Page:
Tolkien was a veteran of the First World War, and served as a second lieutenant in the 11th (Service) Battalion of the British Expeditionary Force in France. He was also present for some of the most bloody trench fighting of the war, including the Battle of the Somme. The deprivations of Frodo and Sam on their road to Mordor may have had their origins in Tolkien's time in the trenches, during which he contracted a chronic fever from the lice that infested him and was forced to return home. He would later say that all but one of his close friends died in the war, giving him a keen awareness of its tragedy that shines through in his writing.

8. Tolkien invented languages for fun.

A philologist by trade, Tolkien kept his mind exercised by inventing new languages, many of which (like the Elvish languages Quenya and Sindarin) he used extensively in his writing. He even wrote songs and poems in his fictional languages. In addition, Tolkien worked to reconstruct and write in extinct languages like Medieval Welsh and Lombardic. His poem "BagmÄ“ BlomÄ" ("Flower of the Trees") might be the first original work written in the Gothic language in over a millennium.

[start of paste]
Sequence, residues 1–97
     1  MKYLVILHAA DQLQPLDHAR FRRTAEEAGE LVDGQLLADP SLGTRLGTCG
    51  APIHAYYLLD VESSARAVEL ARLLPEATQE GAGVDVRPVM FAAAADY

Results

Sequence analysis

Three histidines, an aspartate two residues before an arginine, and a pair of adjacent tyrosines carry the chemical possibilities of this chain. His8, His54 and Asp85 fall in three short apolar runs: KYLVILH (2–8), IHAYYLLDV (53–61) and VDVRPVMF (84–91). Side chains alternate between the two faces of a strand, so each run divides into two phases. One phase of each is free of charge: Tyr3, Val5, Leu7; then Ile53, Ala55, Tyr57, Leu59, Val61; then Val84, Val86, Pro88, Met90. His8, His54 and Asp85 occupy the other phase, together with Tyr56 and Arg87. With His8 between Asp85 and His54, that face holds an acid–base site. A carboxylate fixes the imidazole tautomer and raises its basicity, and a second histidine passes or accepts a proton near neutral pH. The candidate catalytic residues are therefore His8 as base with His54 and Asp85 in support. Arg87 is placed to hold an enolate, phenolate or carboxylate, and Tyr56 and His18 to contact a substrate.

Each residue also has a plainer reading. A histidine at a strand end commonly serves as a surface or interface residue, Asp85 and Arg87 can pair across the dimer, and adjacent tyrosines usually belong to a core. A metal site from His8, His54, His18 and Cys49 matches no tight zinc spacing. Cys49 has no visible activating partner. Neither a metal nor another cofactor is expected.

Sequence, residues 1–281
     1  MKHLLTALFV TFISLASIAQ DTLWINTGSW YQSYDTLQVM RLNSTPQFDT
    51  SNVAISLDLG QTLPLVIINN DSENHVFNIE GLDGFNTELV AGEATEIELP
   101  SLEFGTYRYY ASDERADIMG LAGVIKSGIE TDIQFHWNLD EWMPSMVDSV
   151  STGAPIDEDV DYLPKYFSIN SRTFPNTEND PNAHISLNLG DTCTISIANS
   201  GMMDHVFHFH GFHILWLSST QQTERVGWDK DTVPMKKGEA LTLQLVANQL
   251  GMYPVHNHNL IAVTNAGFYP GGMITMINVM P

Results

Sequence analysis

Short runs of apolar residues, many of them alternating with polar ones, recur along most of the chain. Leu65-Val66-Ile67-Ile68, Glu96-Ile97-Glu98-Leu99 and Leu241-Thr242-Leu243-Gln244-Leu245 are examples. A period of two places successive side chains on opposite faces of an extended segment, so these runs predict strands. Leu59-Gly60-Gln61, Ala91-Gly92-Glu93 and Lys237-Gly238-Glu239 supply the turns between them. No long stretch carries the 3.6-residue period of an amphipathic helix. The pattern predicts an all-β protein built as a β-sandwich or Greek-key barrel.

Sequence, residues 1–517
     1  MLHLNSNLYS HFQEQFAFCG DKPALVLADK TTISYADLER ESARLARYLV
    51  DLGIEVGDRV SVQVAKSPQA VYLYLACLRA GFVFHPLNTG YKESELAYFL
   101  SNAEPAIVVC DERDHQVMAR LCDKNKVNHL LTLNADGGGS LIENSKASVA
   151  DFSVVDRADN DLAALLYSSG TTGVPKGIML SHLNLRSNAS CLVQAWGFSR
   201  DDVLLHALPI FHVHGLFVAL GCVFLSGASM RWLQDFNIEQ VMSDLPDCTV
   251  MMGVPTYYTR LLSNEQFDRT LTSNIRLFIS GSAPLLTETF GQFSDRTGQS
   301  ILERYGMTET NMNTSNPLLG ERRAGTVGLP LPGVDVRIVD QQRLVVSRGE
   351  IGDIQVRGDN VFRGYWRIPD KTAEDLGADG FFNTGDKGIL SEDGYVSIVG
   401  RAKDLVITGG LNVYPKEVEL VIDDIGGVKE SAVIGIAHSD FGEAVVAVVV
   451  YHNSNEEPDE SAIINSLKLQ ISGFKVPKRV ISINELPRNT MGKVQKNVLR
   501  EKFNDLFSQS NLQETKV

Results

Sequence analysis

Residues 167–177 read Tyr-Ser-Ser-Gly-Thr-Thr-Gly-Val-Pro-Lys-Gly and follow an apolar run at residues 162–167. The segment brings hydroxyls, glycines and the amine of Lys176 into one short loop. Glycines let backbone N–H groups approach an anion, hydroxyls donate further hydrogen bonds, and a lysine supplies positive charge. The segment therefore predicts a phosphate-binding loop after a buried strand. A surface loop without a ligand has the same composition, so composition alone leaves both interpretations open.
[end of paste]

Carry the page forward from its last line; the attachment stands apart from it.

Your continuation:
9. Tolkien been published almost as prolifically posthumously as he was when he was alive.

Most authors have to be content with the works they produce during their lifetime, but not Tolkien. His scribblings and random notes, along with manuscripts he never bothered to publish, have been edited, revised, compiled, redacted, and published in dozens of volumes after his death, most of them produced by his son Christopher. While Tolkien's most famous posthumous publication is The Silmarillion, other works include The History of Middle Earth, Unfinished Tales, The Children of Hurin, and The Legend of Sigurd and Gudrún.

10. Tolkien called Hitler a "ruddy little ignoramus."